We were delighted to welcome Kerry Frampton, Artistic Director of Splendid Productions, the award-winning UK theatre company, back to Alice Smith School to deliver a theatre-making residency to our KS4 and KS5 Drama students in the mid term break.
Splendid Productions are the UK’s foremost education theatre company. Led by Artistic Director, Kerry Frampton, they tour sell-out shows across the UK and internationally. Their work has recently been added to the new GCSE and A Level specifications, such is their reputation in the UK.
India and Rhianne took some time out from the workshop to find out a little more about Kerry.
What is your background in theatre and how did you start your theatre company?
"I did a degree in theatre at Bretton Hall, a drama school in Leeds, which was a brilliant place, and then I was a jobbing actor. I set Splendid up in 2003, and the aim was to create political theatre, with a small cast that was theatrical and interactive.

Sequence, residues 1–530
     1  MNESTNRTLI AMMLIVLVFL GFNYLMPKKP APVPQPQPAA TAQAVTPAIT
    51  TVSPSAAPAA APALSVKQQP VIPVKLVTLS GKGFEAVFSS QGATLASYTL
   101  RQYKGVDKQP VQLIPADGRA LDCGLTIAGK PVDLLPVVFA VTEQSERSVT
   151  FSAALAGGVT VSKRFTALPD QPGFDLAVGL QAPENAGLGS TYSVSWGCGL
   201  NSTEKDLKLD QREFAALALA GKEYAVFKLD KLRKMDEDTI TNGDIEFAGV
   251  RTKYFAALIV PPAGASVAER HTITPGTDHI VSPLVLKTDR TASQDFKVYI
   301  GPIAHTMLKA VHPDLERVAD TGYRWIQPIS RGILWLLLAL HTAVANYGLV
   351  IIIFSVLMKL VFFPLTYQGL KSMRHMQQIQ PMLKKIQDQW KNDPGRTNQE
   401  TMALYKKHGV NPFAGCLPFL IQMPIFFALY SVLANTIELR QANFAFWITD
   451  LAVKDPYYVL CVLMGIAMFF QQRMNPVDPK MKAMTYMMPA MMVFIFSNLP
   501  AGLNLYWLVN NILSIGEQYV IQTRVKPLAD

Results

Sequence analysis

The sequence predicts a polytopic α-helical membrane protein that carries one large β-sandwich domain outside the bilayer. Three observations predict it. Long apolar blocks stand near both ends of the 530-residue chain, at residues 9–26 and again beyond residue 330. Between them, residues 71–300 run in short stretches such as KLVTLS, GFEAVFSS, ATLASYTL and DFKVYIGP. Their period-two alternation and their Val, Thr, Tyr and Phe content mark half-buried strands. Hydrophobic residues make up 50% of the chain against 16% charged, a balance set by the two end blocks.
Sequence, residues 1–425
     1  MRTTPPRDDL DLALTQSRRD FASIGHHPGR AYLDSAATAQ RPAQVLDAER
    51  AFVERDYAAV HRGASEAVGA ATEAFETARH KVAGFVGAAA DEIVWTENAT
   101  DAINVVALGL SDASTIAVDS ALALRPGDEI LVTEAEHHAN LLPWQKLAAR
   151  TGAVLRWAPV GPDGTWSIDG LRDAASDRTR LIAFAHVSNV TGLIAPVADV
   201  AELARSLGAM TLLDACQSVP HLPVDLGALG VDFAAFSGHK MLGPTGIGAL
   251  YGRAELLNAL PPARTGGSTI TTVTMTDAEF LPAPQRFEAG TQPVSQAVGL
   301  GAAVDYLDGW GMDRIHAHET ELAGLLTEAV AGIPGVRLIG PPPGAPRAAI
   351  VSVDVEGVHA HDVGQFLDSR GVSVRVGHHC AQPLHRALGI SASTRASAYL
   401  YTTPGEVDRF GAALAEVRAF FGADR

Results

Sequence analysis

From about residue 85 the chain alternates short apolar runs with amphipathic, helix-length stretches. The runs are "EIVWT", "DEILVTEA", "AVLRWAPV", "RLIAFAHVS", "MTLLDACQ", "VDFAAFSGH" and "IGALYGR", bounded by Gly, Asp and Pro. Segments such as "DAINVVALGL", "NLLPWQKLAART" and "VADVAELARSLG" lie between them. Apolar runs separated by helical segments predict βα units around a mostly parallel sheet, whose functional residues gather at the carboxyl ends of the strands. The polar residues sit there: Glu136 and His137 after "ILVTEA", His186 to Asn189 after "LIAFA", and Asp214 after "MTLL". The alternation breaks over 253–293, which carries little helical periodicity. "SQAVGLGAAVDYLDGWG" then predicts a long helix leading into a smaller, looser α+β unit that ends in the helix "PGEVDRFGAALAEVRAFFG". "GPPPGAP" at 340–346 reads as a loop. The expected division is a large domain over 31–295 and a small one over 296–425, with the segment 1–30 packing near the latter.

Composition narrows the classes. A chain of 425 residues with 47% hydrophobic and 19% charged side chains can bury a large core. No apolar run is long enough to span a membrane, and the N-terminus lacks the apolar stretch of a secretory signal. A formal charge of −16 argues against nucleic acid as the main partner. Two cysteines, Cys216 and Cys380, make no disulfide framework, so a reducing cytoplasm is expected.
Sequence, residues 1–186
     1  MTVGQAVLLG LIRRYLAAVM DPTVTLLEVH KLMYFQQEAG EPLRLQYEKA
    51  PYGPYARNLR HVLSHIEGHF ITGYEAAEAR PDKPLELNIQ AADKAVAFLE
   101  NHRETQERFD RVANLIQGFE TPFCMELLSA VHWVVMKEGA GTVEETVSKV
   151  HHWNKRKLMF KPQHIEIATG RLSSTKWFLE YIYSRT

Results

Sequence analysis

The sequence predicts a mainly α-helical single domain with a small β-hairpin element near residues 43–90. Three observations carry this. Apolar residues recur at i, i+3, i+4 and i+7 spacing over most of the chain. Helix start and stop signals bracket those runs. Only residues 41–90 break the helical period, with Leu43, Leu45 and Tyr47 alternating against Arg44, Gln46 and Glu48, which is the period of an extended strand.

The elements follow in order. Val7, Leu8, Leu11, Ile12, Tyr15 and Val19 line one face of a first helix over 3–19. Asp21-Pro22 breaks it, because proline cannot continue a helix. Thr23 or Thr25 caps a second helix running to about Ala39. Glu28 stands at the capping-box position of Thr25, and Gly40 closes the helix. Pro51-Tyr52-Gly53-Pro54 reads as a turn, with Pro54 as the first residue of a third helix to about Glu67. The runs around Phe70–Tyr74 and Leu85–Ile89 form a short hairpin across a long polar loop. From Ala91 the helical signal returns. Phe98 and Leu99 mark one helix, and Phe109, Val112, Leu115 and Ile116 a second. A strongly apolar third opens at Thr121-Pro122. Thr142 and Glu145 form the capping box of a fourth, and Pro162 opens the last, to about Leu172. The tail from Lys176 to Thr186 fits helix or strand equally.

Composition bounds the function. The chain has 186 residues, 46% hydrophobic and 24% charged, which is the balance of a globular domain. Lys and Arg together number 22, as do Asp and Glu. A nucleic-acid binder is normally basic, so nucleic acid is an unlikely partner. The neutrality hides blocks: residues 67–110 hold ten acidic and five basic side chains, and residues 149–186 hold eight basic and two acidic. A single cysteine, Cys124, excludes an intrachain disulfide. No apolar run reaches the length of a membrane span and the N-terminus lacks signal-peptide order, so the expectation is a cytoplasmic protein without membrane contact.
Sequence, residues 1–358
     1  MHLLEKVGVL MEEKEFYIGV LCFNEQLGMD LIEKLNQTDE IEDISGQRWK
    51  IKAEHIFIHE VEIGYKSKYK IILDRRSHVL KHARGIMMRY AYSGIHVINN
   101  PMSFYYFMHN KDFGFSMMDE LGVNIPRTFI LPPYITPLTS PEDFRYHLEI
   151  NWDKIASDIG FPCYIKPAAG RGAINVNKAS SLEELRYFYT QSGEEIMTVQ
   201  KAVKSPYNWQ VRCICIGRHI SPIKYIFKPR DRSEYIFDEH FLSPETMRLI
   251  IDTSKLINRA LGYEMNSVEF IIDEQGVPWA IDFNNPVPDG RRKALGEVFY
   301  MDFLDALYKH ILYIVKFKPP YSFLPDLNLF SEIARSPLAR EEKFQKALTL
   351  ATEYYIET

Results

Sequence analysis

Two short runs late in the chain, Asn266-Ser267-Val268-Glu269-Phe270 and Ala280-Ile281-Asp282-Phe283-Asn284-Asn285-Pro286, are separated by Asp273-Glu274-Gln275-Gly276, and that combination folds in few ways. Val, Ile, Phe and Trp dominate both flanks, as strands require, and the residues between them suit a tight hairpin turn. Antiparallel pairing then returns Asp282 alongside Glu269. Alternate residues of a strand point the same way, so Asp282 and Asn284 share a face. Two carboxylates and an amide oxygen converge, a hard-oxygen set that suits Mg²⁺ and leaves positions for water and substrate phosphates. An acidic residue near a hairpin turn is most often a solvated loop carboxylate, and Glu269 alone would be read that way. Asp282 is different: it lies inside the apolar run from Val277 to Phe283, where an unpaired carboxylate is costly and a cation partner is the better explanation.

I’ve done lots of different types of performance, but I’m very interested in audience work, and I’ve always been very political. By political I mean socially political. With every group of students that we meet, we are trying to encourage confidence, understanding of self, and understanding of how much of an impact you can have.
So, Splendid’s been going for 17 years, and we have made 16 shows, and now I’m not in them anymore, I adapt them and direct them, which means I’m able to do a bit of performing for the people, and writing for the people, and directing for the people, and teaching. I’ve been teaching at Liverpool Institute for the Performing Arts, (LIPA). Teaching has always been very much hand in hand with performance, but I’m not a trained teacher so everything I’ve learnt, I’ve learnt from the doing of it."